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Why Community Initiatives Fail

February 23rd, 2024

by Alphonse Akouyu

Recently, I was invited to reflect on ‘Why Community Initiatives Fail’ with a diverse group of youth who are nursing dreams of becoming game changers in their communities.

Harboring any ambition of trying to bring about hope and transformation in any place which can be associated with the word ‘community’, is extremely complicated.

The most basic definition of development which I learnt about during my days at the Glocal Master’s in International Development Program at the Hebrew University of Jerusalem is – development is simply taking people from a place called A, which is where they are, to a place called B which is where they want to be.

In our world today, we all want our communities to be places of joy, empowerment, love and happiness. Each and every one of us wants to be that person who discovers a magic solution to that problem which has plagued the communities for years.

Community Development practitioners are people who feel inspired by the words of the Estonian National Anthem: ”Mu Isamaa Mu Onn Ja Room” which simply means ’My Native Land My Pride, My Joy’. I strongly believe that any place or group you find yourself in is your community. As such, we often have that urge to be torchbearers of good news in our respective communities. In some cases, this urge has led to life changing initiatives which have moved communities to higher heights, meanwhile in others the urge has led to failure.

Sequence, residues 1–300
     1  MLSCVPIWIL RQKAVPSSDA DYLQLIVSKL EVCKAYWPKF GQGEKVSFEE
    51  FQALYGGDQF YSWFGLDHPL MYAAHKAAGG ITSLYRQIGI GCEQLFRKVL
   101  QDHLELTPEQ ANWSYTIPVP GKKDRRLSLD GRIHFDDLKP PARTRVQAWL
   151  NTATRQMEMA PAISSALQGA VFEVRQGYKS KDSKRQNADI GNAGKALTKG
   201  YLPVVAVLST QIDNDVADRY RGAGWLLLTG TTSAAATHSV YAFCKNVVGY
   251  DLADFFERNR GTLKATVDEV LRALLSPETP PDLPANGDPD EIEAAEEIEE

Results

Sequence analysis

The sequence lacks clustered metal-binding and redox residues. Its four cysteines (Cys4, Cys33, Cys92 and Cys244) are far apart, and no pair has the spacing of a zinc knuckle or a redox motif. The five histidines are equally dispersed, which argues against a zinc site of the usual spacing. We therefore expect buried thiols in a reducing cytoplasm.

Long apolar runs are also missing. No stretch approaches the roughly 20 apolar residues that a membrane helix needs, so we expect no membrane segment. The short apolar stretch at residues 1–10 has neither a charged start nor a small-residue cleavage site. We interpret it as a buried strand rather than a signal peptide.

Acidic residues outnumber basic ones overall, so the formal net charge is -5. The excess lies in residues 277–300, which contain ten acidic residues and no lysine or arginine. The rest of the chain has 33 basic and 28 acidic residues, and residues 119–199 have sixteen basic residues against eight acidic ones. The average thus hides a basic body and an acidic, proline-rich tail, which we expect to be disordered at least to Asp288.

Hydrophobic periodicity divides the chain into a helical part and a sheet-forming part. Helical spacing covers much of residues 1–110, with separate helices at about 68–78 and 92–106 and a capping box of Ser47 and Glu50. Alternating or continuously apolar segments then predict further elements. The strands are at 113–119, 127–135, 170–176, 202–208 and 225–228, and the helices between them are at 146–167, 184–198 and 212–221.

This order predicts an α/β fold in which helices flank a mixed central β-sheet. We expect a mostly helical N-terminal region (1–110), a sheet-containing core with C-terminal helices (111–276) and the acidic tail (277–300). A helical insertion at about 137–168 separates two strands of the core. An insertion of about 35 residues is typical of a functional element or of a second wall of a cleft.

So, the big question then is why community initiatives fail.

Several factors account for this, however for them to succeed, the way we view the initiative matters. Therefore, it is not about me or us, it is about the community.

As leaders, our role is to take on the mindset of the community and determine what success looks like. And as we bring our different areas of expertise to the table, we put ourselves at the service of the community, knowing fully well that it is not about us, it about communal growth.

This builds in us a sense of humility where we don’t see ourselves as indispensable, but as a part of the system which brings the change we seek.

Lack of Systems and Processes

Nobody sets out to fail in anything they do, but in my experience working with many community development initiatives in my home country Cameroon, or in Burundi, Niger, Burkina Faso and Northern Nigeria where I did a mission with IOM, one of the key reasons why community initiatives fail is due to lack of systems and processes.

In most cases, the initiator of the idea was Mr X who stays in the community and succeeds in getting the buy in of a few influential stakeholders in the community. Mr X becomes the Alpha and Omega. When he is around things move, when he is not around things are stagnant. There is a popular saying in French ‘L’etat ce moi – The State is me’. Everything rotates around Mr X. We need to have strong systems which can function with or without the Mr Xs of this world. This requires plenty of investment in building a development machinery where we all are simply contributors to a common goal – the growth of our community.